The Amazing Spider Man 2 is a $200,000,000 ad for all the toys, books, games, collector’s glasses, etc. that are for sale now at your local shopping centers. As far as the kids for whom these products are intended are concerned, the movie is great. There were quite a few in the audience at the screening I attended and they were all hyped after the movie. For the parents in the audience, or comic book fans like myself, we were less enthused.

As I was headed to my car a line from They Live came to mind, “That’s like pouring perfume on a pig.”

The problem is the movie is too damned long. A friend posited the thesis that the Summer blockbusters are so long as a way to justify the ever increasing price of admission. The more I see, and The Amazing Spider Man 2 fits the mold perfectly, the more I’m beginning to agree.

The second act drags heavier than a emo’s emotional baggage. Ultimately it’s all about how Peter Parker deals with loss. There’s his tormented love affair with Gwen, the loss of his parents, of Uncle Ben, and as a juxtaposition (i.e. how to deal with life’s tragedies unhealthily) there’s Harry Osborn’s loss of his father and his fall from grace. All of this builds to a very critical moment for Peter. Thing is, all the pathos is so heavy-handed that when the big moment happens your glad to see things play out the way they did. It’s supposed to be heart-breaking. Even a sentimental audience has had enough when the runtime is two and a half hours.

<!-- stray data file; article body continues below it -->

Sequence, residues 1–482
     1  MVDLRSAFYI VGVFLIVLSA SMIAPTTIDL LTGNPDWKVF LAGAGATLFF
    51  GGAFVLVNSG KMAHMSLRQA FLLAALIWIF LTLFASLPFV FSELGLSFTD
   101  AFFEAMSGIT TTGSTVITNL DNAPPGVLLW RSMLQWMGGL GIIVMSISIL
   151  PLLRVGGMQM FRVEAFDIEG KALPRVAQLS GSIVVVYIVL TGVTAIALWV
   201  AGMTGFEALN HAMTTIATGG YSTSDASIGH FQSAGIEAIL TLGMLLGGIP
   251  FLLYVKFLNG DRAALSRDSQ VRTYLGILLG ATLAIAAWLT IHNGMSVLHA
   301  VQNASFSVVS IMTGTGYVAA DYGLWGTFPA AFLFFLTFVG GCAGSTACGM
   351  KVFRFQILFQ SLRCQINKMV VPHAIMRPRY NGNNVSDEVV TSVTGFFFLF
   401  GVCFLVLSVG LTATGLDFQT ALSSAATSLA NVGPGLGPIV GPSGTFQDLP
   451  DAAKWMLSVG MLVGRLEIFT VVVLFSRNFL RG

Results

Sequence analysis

All things considered, it’s not a bad movie. It does everything a Summer popcorn film is supposed to do, and does it well enough. Unless you’re interested in getting your very own web shooters and playing ‘Pider Man, it only amounts to $10-$15 bucks spent and two and a half hours lost. Still, it does have it’s place. Namely, if you’ve got children and need a couple hours to decompress, The Amazing Spider Man 2 is your ticket.

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